For example: Could passive air monitors or the swabbing of surfaces for asbestos fibres - in consultation with an asbestos consultant help identify those CLASP schools / school areas where further action like airborne asbestos monitoring was required?   This would need to be carried out in consultation with asbestos contractors, Duty Holders, staff and their unions regarding the potential disturbance in each area during everyday activities.

























Everyday disturbance of inaccessible amosite asbestos in CLASP schools may be caused by forceful closing /opening of windows and doors, knocks to columns, door/window surrounds and wall panels, vandalism, boisterous behaviour, vibrations due to school activities, as well as direct, forceful contact and scuffing of wall panels and the lifting/disturbance of ceiling tiles by pupils/staff.   See JUAC report 2021 pages 35-39

The high number of children and staff in a typical classroom or corridor also inevitably means that children are regularly scuffing, knocking and scraping walls with furniture, shoes, bags and clothes.  Lack of supervision e.g., between lessons/wet play can lead to boisterous behaviour that directly damages and disturbs ceiling tiles (e.g., hiding bags in ceiling voids, throwing balls, poking tiles with umbrellas) and wall panels (kicks, fights, throwing furniture).

The HSE model guidance on risk assessment for schools indicates that the likelihood of classroom disturbance by normal school activities is high.  See HSE guidance in the next section.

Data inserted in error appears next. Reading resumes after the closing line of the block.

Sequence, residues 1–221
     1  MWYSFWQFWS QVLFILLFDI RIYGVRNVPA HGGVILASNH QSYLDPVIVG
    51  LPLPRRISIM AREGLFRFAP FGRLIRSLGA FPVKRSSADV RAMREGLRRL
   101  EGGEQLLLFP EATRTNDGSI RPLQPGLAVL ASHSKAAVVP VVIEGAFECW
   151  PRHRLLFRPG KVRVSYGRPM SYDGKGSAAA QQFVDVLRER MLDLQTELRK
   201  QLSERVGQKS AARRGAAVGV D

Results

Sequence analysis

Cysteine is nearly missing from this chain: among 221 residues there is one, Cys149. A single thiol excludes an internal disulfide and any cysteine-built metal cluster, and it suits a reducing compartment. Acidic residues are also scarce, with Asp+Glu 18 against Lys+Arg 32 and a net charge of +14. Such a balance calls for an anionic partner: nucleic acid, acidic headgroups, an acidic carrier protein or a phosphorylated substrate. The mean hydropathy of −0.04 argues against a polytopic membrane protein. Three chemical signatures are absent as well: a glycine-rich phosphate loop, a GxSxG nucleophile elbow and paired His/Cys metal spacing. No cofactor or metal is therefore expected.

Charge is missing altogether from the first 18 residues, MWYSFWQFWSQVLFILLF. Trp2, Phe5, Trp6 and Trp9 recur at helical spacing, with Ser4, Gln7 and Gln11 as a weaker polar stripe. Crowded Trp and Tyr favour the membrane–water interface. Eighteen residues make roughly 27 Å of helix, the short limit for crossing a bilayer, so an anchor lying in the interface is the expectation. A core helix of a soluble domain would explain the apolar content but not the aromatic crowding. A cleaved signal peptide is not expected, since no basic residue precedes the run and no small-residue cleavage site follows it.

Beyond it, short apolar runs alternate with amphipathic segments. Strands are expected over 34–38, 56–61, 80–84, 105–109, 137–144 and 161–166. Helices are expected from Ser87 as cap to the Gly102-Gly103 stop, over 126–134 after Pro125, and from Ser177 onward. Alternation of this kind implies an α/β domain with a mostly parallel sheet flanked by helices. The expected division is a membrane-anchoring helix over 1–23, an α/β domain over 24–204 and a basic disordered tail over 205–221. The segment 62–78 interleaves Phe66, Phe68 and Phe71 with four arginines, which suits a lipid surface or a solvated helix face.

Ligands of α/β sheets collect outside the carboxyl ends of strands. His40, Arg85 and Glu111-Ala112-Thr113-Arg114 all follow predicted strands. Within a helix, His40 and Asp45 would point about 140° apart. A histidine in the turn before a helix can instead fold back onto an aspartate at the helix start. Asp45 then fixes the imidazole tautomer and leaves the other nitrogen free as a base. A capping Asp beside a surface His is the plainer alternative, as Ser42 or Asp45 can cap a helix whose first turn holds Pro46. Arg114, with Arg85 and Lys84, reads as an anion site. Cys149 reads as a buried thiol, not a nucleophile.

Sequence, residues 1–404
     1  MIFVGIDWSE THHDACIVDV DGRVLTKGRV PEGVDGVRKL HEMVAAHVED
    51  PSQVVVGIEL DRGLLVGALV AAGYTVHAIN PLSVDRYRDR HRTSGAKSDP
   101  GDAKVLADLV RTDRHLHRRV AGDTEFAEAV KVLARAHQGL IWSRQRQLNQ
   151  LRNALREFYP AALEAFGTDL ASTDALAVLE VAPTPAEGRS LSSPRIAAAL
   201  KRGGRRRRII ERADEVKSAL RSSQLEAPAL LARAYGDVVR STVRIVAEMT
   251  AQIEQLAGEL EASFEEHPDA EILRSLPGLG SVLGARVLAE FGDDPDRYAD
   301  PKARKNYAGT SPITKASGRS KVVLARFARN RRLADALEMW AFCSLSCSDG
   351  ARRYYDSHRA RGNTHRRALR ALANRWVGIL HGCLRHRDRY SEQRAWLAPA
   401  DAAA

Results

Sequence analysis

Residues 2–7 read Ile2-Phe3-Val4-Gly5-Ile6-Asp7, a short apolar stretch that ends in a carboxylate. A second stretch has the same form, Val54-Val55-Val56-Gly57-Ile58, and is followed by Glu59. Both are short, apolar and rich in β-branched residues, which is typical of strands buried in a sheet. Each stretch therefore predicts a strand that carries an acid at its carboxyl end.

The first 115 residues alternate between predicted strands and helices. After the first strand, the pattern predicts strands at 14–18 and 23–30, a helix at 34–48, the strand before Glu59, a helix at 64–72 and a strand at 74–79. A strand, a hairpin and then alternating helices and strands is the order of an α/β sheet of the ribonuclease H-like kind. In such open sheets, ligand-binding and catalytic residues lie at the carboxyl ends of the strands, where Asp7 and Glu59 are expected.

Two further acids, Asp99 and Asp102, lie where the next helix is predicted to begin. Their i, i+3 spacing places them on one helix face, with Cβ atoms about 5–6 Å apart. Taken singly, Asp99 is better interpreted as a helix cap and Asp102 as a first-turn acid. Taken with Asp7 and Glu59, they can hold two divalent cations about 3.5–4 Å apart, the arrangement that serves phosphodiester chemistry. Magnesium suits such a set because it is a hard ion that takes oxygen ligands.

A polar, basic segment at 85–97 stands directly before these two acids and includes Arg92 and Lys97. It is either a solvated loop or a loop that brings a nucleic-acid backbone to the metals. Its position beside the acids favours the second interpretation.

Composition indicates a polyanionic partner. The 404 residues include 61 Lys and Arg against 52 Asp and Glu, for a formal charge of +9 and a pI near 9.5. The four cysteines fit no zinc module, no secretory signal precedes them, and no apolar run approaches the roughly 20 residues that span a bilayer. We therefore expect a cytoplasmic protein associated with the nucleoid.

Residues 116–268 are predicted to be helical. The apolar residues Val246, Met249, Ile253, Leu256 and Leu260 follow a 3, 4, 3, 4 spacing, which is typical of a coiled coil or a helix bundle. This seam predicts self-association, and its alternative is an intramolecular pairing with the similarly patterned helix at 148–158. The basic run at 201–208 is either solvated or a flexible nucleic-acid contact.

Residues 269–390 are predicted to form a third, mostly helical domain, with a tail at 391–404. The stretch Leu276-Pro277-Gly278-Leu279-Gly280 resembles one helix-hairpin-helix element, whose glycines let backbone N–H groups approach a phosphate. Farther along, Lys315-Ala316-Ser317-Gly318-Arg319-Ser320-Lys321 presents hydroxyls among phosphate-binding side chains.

During disturbance clouds of invisible inaccessible asbestos and directly disturbed accessible asbestos can potentially pass into occupied areas and ‘rain down’ on occupants throughout the day.  Classrooms are high activity / pupil-dense areas in which moving children, furniture, convection currents potentially spread the asbestos fibres further away from the source as well as disturb and make airborne again some of the asbestos fibres on the ground. 

In primary schools, children sit on low level chairs / carpets and as such they may be more likely to disturb and be exposed to any settled asbestos fibres at ground level. Cleaners may also have increased exposure if they disturb settled asbestos fibres so they become airborne again.  Only a few of the 60 CLASP schools investigated by JUAC provided evidence for asbestos management plans that included specific guidance for cleaners. 


HSE guidance on classroom disturbance

The HSE guidance regarding model risk assessments states the likelihood of classroom asbestos disturbance is high. See HSG 227 pages 55-59 and extract in box below.